Wei writes:

> On Tue, Apr 20, 2004 at 12:42:16PM -0700, Hal Finney wrote:
> > This is the part which really confuses me.  Assigning a prior of 1 would
> > mean that you are certain that the actual world is the class of all sets.
> > Assigning a prior of one in a billion would mean that you thought it
> > very unlikely.  Yet these two possibilites won't make any difference
> > in behavior?  Why not?
>
> Because after changing your prior for the actual world being the class of
> all set to 1, you can always find a new measure to adopt (expressing how
> much you care about each part of the world) that would ensure that your
> behavior is exactly the same as before.

Okay, so going back to the original dialog:

: Do you assign a non-zero prior to the class of all sets being the actual
: world?
:
: (yes)
:
: Pragmatically, how does that differ from assigning a prior of 1 for the
: class of all sets?
:
: (What do you mean by "pragmatically"?)
:
: I mean are there any circumstances in which you'd act differently if you
: assigned a prior of 1 instead?
:
: (no)

Let me see if I follow this.  According to decision theory, we take
those actions which maximize expected utility.  Expected utility for
the outcome of an action is a weighted average of the utility of each
possible outcome, weighted by the probability that each outcome occurs.
The probability for an outcome is ultimately based on one's belief in
the nature of the world.

Knowing the nature of the world is hard, and we can have only uncertain
information about it.  One way to express this uncertainty is to
say that we might live in any one of many different possible worlds,
and to estimate a probability distribution over the possibilities.
Bayesian reasoning then gives us rules for how we should update these
probabilities, based on observations.

Multiverse theory introduces a new complication.  If a Tegmarkian or
even Schmiduberian multiverse model is true, or might be true, then we
need a rule to estimate how likely we are to live in one element of that
multiverse or another.  This rule produces a numerical probability value
for each element of the ensemble of universes, which we call a measure.
The measure is necessary for us to go from the abstract multiverse model
to a set of rules that allows us to make predictions about what we will
see, and therefore to take effective actions.

(Actually, the measure is usually considered as being a property of
an element of the multiverse ensemble, i.e. a property of an entire
universe, rather than the probability of a specific observer being in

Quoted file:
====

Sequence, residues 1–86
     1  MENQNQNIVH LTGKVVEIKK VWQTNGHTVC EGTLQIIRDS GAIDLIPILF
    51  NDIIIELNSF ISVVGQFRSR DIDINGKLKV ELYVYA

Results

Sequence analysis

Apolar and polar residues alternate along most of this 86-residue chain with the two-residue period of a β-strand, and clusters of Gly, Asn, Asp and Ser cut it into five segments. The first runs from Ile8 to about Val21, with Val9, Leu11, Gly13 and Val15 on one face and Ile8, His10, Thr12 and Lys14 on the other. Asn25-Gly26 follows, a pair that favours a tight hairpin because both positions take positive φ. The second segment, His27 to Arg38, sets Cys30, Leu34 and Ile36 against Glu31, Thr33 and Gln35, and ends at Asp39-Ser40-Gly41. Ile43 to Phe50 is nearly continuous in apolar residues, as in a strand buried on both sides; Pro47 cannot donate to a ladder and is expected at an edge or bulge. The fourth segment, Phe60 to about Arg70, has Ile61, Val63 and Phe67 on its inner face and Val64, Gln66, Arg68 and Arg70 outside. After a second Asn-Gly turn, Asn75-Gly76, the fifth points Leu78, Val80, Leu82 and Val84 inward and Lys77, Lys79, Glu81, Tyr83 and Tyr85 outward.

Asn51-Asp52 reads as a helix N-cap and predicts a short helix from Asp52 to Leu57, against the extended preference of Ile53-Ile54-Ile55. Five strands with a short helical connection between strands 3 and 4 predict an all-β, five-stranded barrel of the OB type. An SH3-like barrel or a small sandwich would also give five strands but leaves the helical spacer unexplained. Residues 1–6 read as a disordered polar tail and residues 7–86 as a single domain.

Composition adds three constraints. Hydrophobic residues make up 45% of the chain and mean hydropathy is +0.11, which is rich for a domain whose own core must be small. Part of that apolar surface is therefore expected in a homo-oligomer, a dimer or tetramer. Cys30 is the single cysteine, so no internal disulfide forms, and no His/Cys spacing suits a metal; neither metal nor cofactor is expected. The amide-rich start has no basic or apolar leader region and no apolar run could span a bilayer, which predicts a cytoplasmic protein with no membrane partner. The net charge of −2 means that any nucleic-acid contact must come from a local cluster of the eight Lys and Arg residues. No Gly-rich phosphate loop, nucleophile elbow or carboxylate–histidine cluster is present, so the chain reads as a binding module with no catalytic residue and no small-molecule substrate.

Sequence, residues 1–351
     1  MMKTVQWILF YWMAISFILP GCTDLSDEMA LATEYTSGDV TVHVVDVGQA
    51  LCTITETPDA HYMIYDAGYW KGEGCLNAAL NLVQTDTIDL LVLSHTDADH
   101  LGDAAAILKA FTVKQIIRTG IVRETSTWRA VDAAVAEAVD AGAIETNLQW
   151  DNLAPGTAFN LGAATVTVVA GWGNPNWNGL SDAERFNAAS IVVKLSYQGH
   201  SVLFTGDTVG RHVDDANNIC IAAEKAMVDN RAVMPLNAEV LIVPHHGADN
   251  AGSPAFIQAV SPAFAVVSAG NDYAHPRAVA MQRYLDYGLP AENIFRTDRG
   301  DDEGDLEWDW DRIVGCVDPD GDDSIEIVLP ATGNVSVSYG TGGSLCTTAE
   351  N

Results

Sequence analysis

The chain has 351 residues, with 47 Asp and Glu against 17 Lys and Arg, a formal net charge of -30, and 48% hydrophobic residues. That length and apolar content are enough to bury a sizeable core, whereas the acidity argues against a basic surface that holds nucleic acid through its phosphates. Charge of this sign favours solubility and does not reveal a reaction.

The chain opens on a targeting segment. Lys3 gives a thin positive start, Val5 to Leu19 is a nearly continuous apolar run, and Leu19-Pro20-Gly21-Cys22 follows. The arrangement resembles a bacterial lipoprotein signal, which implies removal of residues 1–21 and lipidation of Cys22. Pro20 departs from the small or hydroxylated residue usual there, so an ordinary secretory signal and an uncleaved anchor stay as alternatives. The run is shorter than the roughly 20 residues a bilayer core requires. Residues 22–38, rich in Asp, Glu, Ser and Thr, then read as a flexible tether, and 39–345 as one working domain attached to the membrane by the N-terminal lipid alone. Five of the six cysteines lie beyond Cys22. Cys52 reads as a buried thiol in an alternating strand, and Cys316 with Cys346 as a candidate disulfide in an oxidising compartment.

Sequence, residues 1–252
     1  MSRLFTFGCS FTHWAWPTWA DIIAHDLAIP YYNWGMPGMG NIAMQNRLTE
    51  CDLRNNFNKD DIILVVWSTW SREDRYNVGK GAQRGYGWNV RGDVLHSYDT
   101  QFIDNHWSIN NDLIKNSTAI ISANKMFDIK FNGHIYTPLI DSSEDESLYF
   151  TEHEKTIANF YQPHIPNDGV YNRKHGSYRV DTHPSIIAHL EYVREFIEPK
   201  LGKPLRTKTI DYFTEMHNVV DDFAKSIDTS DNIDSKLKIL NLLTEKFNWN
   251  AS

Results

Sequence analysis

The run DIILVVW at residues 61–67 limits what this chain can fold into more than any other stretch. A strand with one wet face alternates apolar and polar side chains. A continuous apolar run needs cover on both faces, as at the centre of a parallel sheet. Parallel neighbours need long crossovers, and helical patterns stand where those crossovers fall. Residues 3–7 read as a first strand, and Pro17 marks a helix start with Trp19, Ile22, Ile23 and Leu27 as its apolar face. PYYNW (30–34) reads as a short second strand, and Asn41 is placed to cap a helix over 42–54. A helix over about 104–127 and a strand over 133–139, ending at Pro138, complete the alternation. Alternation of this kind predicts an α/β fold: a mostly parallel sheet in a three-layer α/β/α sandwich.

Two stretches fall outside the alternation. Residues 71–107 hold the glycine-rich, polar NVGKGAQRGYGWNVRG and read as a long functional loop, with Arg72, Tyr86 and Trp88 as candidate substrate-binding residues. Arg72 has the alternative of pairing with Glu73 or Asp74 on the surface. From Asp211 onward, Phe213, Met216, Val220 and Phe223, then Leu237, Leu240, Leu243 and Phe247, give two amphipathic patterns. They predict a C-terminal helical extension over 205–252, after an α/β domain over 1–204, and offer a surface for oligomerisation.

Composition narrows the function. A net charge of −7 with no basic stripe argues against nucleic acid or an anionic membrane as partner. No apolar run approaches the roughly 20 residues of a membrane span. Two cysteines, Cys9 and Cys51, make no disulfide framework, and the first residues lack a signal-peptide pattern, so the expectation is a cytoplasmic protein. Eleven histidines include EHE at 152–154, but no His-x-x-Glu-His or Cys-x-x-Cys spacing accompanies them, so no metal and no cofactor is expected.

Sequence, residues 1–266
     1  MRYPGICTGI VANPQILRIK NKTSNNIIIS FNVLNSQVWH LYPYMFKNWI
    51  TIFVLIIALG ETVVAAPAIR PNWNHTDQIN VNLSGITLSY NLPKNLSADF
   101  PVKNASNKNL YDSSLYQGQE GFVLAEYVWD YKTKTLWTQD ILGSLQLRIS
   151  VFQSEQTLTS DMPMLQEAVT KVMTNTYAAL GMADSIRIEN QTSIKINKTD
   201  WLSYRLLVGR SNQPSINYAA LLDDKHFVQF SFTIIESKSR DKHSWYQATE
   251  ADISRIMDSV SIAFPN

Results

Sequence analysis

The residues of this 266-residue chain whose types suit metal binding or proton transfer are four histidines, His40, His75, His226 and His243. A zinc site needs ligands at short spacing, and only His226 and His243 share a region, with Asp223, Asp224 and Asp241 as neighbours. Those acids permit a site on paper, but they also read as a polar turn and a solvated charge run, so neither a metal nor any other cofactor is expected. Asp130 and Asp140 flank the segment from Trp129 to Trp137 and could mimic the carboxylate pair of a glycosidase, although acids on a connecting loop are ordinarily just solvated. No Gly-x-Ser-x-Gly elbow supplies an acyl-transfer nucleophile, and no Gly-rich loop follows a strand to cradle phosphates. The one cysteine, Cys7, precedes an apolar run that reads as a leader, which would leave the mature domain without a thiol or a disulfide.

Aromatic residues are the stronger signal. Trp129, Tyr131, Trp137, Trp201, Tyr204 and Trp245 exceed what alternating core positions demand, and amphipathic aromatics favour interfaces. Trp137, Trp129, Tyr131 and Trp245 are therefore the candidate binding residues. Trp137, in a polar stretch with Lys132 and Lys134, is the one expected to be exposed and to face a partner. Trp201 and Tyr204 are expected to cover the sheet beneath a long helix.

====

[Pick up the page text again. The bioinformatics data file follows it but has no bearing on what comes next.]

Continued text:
that world.  Then we need yet another rule to go from the measure of a
multiverse branch to the probability that we are actually in that branch.
But for the present purpose we can combine these two rules and just let
the measure be the probability of a branch being "real" for a particular
observer.)

In the context of Bayesian reasoning, the measure is problematic,
because it introduces an extra degree of freedom in our universe model.
Rather than having simply a probability distribution over possible
universes, we have to consider that among the possible universes are
multiverses, and then there are an infinite number of possible measures
for each possible kind of multiverse.

These measures are a hard problem and it's not clear what the right
way is to think of them.  There are various philosphical arguments that
one measure or another is the most likely to be true.  However it would
seem that no such argument can be conclusive, hence we must always admit
some uncertainty in the possible measure.  It's also not clear whether
observation allows us to constrain measure, because in a multiverse model
we observe only a small part of the multiverse, and so we can't judge
the conditional probabilities necessary to apply Bayesian reasoning.
Can we say, for example, that our observations of the universe imply
(if a multiverse model were true) that the measure must be such that
our universe has a relatively large measure?  Maybe not, because even
if our universe had a small measure, we would still be here observing it.

Anyway, I think Wei's point is that if we admit even the possibility that
a multiverse model is true, then the shape of our mental possible-universe
space becomes inconsistent or redundant.  We have all these various
possible universes as in standard Bayesian reasoning, and among them we
add the multiverse.  But the multiverse includes all possibilities, and
in particular it includes all of the non-multiverse possible universes
we were considering originally.  So it's redundant to consider these
possible universes outside the context of the multiverse, since we
can get the same set of possible universes by looking solely within
the multiverse.  And given our freedom to choose the measure for the
universes within the multiverse, we can reproduce all of our probability
estimates for non-multiverse possible universes, even if we just consider
the multiverse.

Therefore, as Wei says, we can give the multiverse a probability of 1,
and choose a measure over the worlds within the multiverse to match any
desired probability distribution over possible worlds.

I see two possible problems with this.  The first is that it's not clear
that we have this much freedom in our choice of measure.  Some Bayesians
may accept the philosophical arguments which say that certain measures
are preferred.  The second is that if we did have complete freedom in
choosing a measure, how can Bayesianism work in this model?  Specifically,
how should we update our beliefs in response to observations?  In the
standard Bayesian model we have specified rules to follow.  Would that
imply that if we accept the multiverse as certain, we must still apply
those specific rules to update our estimates of measure?  That seems
inconsistent with the assumption that measure is freely chosen.

Hal Finney

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